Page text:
Amazon.com (NASDAQ: AMZN) CEO Jeff Bezos once said, "Your margin is my opportunity," and Amazon has truly backed that up over the years. Despite explosive top-line growth, Amazon has consistently shown little-to-no GAAP profits in its core e-commerce business.
One of the biggest drivers of sales growth has been Prime, Amazon's $99 per year (or $12.99 per month) subscription service. Started back in 2005, Prime offers a suite of intriguing benefits, most notably free two-day shipping for an unlimited number of items.
Today, it seems increasingly clear that this was a farsighted and ingenious invention. As Prime has grown, Amazon has added benefits, spurring increased membership in a virtuous cycle. Now Prime is so large, it's causing problems even at Amazon's largest (and well-run) competitors: Walmart (NYSE: WMT) and Latin American e-commerce platform MercadoLibre (NASDAQ: MELI).
Amazon is competing hard against Walmart in the United States, but recent rumors suggest it's eyeing Latin America, specifically Brazil, potentially threatening MercadoLibre's leading position there. How are both companies trying to fend off the Amazon machine? With free two-day shipping, of course.
The bet on Prime may have seemed crazy at the time it was launched in 2005. Analysts often cited the fact that Amazon lost significant amounts of money on every Prime member due to shipping costs. But since then, Prime's annual price has increased from $79 to $99, and the service is now estimated to have between 65 million and 80 million members (Amazon does not disclose these figures). Those members contributed $3.2 billion in subscription revenue for Amazon, or just under 10% of sales, in the recent quarter. Consumer Research Intelligence Partners estimates that Prime members spend roughly $1,300 per year with Amazon, versus $700 for non-Prime members. That has, in turn, bolstered Amazon's third-party fulfillment business, which has higher margins.
Amazon's stock has rocketed in recent years as Prime has grown, winning over legions of loyal customers. It is only now, more than a decade after Prime launched, that competitors are biting the bullet to invest in free shipping.
MercadoLibre claws ahead
MercadoLibre rolled out free shipping in Mexico in 2016, then added it in Brazil in August 2017. Perhaps not coincidentally, that change came not long before rumors that Amazon was looking hard at the Brazilian market.
The introduction of free shipping has been a huge positive for MercadoLibre's sales and gross market value (GMV), which grew a huge 70.5% and 66.5%, respectively, over the past year.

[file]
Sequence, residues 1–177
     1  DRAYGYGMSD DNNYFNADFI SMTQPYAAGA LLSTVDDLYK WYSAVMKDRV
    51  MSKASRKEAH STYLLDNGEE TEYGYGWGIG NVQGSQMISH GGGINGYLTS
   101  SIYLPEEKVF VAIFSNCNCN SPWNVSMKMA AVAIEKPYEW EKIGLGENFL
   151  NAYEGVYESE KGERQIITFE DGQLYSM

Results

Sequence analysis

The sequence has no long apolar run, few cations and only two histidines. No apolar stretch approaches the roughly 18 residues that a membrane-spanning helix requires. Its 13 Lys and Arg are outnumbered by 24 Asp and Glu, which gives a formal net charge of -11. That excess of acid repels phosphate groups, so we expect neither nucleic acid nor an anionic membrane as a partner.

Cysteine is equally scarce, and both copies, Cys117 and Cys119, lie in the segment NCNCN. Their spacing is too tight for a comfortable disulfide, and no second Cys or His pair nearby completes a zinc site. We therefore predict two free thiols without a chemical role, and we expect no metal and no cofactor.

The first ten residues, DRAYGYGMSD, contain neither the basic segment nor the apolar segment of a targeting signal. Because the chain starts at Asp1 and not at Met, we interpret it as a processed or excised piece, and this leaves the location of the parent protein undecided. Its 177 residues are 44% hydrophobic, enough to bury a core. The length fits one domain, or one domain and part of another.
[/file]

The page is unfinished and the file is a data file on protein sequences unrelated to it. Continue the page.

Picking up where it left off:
But the company's margins tell a different story. Gross margins shrank from 63.5% to 46.5%, and operating margins plummeted from 25.2% to 4.8% (stripping out the effect of Venezuela, which the company de-consolidated in December). The largest cost difference? Free shipping, of course. MercadoLibre still applies volume conditions on free shipping, which vary by country, so its offering is not yet unlimited.
Larger volumes should also generate more revenue from its fulfillment and payment businesses, Mercado Envios and MercadoPago, which have made encouraging progress to the point that optimism around these businesses offset concerns about MercadoLibre's lower margins.
Still, the free-shipping initiative combined with investments in fulfillment centers caused management to suspend its dividend going forward.
Unlike MercadoLibre, which is trying to stay one step ahead of Amazon, Walmart is actually playing catch-up in the mature U.S. market. Walmart began pivoting in earnest to becoming more of an e-commerce company in recent years, buying Jet.com in 2016, and even changing its official company name from Wal-Mart Stores, Inc. to Walmart, Inc. in December, highlighting the company's renewed focus on e-commerce.
Walmart's transition incorporated -- you guessed it -- free two-day shipping. Initially, Walmart tried to build its own Prime-like subscription service called ShippingPass, for which it charged $49, but obviously, the endeavor wasn't working as the company scrapped the subscription service in January 2017 in favor of free two-day shipping on eligible items included in orders over $35.
Trying to play catch-up while fending off a giant
Amazon has built quite a powerhouse in its Prime service, and the company's long-term orientation and willingness to lose money for years has put the e-commerce giant in prime position (pun very much intended), even against its largest-scale rivals.
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John Mackey, CEO of Whole Foods Market, an Amazon subsidiary, is a member of The Motley Fool's board of directors. Billy Duberstein owns shares of Amazon. The Motley Fool owns shares of and recommends Amazon and MercadoLibre. The Motley Fool has a disclosure policy.